Families of the accused express their joy at their acquittal (Pic: YouTube, see below)
In a surprise move, an Egyptian court has freed 26 men who were arrested in a raid on an alleged gay bathhouse in Cairo on 7 December.
The raid was sensationalised in the Egyptian media, which broadcast images of the almost naked men being herded into police trucks. There were reports that some of the men were allegedly beaten during the incident.
The men were charged with debauchery and committing “indecent public acts.” The owner and staff were accused of hosting gay orgies and parties for money.
According to BuzzFeed, the court “exploded with the joyous cries” of the families of the accused when the judge announced his ruling on Monday, finding them innocent.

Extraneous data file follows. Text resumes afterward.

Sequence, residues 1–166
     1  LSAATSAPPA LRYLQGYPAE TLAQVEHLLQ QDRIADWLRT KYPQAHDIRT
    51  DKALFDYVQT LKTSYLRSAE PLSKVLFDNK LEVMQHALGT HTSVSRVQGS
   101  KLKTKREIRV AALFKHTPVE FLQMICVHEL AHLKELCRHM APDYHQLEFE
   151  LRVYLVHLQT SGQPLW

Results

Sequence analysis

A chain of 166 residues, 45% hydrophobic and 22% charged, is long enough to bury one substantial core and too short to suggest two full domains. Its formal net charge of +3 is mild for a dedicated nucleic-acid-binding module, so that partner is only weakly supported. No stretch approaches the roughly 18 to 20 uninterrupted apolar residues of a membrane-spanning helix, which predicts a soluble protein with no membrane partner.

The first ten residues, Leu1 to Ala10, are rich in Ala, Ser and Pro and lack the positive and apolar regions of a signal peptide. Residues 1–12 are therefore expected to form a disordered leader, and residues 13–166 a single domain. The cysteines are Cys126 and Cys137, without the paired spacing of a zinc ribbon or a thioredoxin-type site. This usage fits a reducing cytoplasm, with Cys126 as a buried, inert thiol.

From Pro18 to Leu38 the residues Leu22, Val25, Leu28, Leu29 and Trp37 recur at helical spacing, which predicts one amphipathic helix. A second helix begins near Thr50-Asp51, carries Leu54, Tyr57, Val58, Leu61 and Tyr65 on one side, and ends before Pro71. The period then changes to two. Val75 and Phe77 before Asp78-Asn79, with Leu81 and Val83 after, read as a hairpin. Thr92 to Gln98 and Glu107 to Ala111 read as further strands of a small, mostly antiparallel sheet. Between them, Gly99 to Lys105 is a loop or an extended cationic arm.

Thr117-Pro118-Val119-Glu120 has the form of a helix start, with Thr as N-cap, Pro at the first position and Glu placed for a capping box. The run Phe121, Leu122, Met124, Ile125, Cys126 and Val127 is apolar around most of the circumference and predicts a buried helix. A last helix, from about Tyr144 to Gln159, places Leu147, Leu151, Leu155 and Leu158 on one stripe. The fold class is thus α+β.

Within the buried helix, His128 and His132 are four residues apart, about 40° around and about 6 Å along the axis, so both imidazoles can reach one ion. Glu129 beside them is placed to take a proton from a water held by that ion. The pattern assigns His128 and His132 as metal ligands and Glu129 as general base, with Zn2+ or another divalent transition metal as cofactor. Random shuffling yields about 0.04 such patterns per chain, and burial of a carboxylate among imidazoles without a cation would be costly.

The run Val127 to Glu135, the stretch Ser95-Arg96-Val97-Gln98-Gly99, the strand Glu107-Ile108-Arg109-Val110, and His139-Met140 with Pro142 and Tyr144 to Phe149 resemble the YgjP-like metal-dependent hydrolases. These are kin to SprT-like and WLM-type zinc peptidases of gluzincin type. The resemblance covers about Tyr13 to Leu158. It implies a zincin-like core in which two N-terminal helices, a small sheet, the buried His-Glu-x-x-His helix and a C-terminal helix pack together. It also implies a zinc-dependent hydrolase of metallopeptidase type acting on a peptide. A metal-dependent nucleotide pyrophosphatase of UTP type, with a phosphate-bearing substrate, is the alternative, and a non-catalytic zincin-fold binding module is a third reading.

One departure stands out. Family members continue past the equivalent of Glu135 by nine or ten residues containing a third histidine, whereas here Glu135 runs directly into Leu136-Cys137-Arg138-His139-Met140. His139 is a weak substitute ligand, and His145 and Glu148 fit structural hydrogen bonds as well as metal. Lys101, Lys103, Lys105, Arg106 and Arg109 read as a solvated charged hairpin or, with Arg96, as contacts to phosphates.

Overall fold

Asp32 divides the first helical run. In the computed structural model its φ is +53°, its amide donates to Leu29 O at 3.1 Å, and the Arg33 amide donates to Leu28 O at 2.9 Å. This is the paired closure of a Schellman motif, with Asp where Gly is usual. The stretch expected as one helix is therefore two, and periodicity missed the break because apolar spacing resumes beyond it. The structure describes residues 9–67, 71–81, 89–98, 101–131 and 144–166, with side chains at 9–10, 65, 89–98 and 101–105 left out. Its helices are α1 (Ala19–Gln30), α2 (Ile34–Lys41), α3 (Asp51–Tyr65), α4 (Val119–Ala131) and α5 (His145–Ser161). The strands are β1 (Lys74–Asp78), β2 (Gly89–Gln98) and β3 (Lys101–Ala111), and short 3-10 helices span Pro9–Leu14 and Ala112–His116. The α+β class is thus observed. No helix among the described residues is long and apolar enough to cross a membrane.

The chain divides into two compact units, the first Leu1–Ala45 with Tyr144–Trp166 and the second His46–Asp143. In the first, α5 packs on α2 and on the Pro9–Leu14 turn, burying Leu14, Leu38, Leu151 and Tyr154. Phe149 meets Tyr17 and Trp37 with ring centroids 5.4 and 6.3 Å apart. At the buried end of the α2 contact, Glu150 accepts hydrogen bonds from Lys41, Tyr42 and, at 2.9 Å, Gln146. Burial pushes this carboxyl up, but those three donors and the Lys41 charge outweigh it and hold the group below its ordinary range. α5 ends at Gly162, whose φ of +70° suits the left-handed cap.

They called for the media to cover the men’s acquittal as visibly as their arrest was covered.
The verdict was described as a rare victory for Egypt’s LGBT community, even though the accused denied that they had engaged in gay sex.
“Finally, an Egyptian court issued a verdict in a case of this kind according to the law,” Ahmed Hossam, one of the lawyer defending many of the accused, told AFP.
It’s believed that no previous court has acquitted suspects on gay-related charges in a similar high profile case.
Lawyers said that there was no evidence to convict the men and anal medical exams were deemed inconclusive.
These forms of tests have been discredited by medical experts as useless and described by human rights groups as torture.
While homosexuality is not specifically outlawed in Egypt, gay people are targeted through immorality and public indecency laws.
Egypt has been accused of conducting a recent witch-hunt against the country’s LGBT community and police are said to use social media and dating apps to entrap gay and bisexual men.
In November, eight men who appeared in an apparent gay wedding video were jailed for three years. Their sentence was later reduced to one year by an appeals court.